I'm not sure there any shoes in which I could walk a mile that would lead me to believe it acceptable to hack someone to death.
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Old Jan 30th, 2008, 04:38 PM
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Michael

We don't disagree, but I can't stand in judgement of some feeling appalled about the downturn in tourism vs someone else's the death of individuals (friends, relatives, business associates) around them.

Ask Holocaust survivors who never discussed their horrors and nightmares with next generation family members. Why, finally Spielberg started the Shoah Foundation to record these histories before survivors died. The same should be done for Rwanda, the Killing Fields and wherever else such attrocities occurred; survirors often just want to put these things behind them.

And, in Kenya it's all too fresh maybe for people to be in touch with what they are actually feeling.

Peace!
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Old Jan 30th, 2008, 04:58 PM
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Sandi I agree; I also beleive Kenyans, unless they know us well, do not really wish to share their pain (and perhaps shame) with the likes of us - very understandable, very human. Much easier to talk economics,I would think. They want to believe things will soon be right and want us to believe it too. Meanwhile, what can anyone say about what's already been lost - nothing new, nothing smart, nothing helpful.....
Jess
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Old Jan 30th, 2008, 05:26 PM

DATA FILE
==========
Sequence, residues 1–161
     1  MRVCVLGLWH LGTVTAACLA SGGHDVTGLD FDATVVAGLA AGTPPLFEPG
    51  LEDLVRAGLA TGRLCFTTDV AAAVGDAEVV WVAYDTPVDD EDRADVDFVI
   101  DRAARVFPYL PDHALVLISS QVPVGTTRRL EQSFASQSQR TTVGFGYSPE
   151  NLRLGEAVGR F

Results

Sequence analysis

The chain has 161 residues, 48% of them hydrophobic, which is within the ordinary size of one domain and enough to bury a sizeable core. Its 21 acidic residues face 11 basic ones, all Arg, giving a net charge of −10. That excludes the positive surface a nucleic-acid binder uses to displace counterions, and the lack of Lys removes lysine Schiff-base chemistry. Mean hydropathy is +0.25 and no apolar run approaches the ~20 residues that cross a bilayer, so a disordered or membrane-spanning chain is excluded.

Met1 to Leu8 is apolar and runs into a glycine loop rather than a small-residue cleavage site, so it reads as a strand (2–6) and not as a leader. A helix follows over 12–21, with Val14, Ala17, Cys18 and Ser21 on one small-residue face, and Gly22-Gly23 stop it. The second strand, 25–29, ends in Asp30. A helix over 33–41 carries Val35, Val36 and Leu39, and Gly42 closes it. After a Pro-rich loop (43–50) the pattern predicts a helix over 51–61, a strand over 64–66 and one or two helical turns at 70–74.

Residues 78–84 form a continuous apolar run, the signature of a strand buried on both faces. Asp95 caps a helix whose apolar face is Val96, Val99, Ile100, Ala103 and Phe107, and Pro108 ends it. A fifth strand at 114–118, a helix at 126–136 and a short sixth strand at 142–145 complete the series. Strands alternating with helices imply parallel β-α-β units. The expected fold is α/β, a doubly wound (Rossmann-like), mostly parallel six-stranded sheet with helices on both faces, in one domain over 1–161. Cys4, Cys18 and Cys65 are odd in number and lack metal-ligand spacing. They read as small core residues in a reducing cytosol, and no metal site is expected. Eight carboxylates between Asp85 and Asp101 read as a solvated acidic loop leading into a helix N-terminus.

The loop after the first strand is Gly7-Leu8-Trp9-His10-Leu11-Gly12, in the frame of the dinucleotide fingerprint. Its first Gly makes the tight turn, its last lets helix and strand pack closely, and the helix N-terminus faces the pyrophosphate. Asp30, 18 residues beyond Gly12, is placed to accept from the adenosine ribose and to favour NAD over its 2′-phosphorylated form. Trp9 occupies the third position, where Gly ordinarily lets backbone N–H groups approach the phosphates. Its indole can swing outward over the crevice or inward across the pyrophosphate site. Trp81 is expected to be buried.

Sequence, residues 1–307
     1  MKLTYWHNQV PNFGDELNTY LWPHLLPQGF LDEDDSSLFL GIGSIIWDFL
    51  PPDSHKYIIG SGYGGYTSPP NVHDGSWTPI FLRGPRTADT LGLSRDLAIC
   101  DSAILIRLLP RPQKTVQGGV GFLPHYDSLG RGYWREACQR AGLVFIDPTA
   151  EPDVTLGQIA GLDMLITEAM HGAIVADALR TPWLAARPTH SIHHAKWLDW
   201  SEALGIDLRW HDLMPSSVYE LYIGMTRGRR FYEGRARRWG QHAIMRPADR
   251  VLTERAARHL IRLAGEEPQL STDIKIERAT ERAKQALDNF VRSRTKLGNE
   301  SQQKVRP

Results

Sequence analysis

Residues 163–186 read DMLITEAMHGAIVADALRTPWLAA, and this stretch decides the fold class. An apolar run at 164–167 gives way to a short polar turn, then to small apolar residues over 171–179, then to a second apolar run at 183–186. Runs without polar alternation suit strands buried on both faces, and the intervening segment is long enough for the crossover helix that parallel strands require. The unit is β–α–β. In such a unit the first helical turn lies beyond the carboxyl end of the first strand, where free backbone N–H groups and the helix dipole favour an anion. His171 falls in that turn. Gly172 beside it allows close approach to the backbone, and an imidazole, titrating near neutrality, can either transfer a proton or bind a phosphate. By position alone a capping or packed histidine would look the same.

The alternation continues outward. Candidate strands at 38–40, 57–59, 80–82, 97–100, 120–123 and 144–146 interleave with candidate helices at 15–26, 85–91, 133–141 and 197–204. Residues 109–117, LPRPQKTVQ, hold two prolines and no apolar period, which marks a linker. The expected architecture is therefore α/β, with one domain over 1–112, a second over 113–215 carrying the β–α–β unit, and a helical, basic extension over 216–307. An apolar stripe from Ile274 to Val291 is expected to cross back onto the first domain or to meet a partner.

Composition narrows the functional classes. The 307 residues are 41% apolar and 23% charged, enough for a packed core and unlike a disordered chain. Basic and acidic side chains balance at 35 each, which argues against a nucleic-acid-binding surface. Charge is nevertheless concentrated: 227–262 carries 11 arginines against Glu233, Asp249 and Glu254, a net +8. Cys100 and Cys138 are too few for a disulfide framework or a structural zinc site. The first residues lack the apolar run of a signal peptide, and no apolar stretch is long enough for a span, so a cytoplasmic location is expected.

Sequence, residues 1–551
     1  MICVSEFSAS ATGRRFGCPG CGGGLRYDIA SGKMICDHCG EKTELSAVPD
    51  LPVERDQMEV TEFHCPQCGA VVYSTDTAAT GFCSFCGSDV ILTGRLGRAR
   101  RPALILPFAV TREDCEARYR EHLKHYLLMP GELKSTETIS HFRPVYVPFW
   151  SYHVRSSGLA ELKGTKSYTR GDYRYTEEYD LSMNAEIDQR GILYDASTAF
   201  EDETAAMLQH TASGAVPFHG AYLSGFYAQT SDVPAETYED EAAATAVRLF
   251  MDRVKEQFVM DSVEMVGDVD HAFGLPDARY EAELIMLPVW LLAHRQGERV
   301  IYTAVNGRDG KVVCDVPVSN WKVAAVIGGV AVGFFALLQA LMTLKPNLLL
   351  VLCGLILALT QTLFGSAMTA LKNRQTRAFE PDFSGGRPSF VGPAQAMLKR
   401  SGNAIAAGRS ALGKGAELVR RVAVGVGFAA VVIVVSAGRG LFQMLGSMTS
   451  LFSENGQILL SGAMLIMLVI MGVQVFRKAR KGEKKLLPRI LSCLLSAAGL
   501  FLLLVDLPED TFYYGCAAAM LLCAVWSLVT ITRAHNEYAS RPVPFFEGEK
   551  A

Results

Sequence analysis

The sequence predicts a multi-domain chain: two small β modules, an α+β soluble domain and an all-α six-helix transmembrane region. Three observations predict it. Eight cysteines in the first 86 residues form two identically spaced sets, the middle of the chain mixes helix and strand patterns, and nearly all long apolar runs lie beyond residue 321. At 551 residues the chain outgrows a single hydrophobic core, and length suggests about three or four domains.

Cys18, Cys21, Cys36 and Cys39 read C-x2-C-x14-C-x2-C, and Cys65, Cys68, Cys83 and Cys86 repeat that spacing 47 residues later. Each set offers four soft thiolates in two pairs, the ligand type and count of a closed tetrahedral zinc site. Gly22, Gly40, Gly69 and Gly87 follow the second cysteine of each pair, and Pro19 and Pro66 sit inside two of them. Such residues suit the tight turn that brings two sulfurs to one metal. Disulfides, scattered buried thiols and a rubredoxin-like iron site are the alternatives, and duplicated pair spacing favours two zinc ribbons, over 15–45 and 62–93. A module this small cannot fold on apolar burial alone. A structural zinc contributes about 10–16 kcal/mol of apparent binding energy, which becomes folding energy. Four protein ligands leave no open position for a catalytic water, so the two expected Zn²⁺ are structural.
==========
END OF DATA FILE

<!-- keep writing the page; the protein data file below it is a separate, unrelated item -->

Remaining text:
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I think in a situation like this, induvidual travellers should make their decision on their own ..... if they are comfortable to travel or not, should be left to them!

Remember after 9/11 there were a lot of cancellations? There wasn't a problem in Africa then, was there? it was just based on one's decision to deceide to fly or not.....
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Old Jan 30th, 2008, 06:02 PM
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I'm sorry, but while I'm sure his plea is heartfelt, and so is the posting of it, it's still essentially a public relations spin in tourism's own self-interest. Painting a rosy picture and playing to people's emotions and guilt to come and spend tourism dollars won't work. Most people don't want to spend their hard-earned money and limited vacation time in a place where horrors are occuring. Just common sense to stay away from trouble.
I feel for innocent Kenyans, and for the businesses that are suffering, but if the Kenyan people are as strong as Riccardo says, they'll work it out.
Leslie
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Old Jan 30th, 2008, 07:52 PM
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Interesting point LAleslie. By going to Kenya am I also saying that I don't care if you are murdering one another, you still have my business? Would I'd rather say, stop your killing and I will come back?

regards - tom
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Old Jan 31st, 2008, 04:38 AM
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HariS -

After 9/11 tourism, worldwide, went into the toilet. Yes, the US was impacted, but so too other destinations, East Africa included. People simply didn't want to be far from home and family.

During the period right after the attacks until '04, American's for certain, weren't traveling to Africa or many other places. The Europeans, though hours closer to Africa, were limiting their travel, but the German's, over other countries, did show up everywhere.

In Kenya/Tanzania, camps closed, people were out of work; those camps still open were practically giving away their space... good deals could be had. It wasn't until the end of the '04 season that the number of travelers (the Americans) were almost back to those prior 9/11. Since then (thru '06), the numbers from all travelers have increased/exceeded expectations.

And now, with emphasis being put on visitors from the former Soviet block countries and China, I'm sure the current situation in Kenya will again cause a downturn in travel here and in Tanzania.